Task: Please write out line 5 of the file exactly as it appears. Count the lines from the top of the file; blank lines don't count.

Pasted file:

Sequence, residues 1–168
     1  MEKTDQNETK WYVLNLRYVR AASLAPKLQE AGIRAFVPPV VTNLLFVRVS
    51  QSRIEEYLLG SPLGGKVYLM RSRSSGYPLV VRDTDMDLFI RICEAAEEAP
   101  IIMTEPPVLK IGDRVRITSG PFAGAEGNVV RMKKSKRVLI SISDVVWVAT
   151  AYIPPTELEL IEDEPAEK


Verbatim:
   151  AYIPPTELEL IEDEPAEK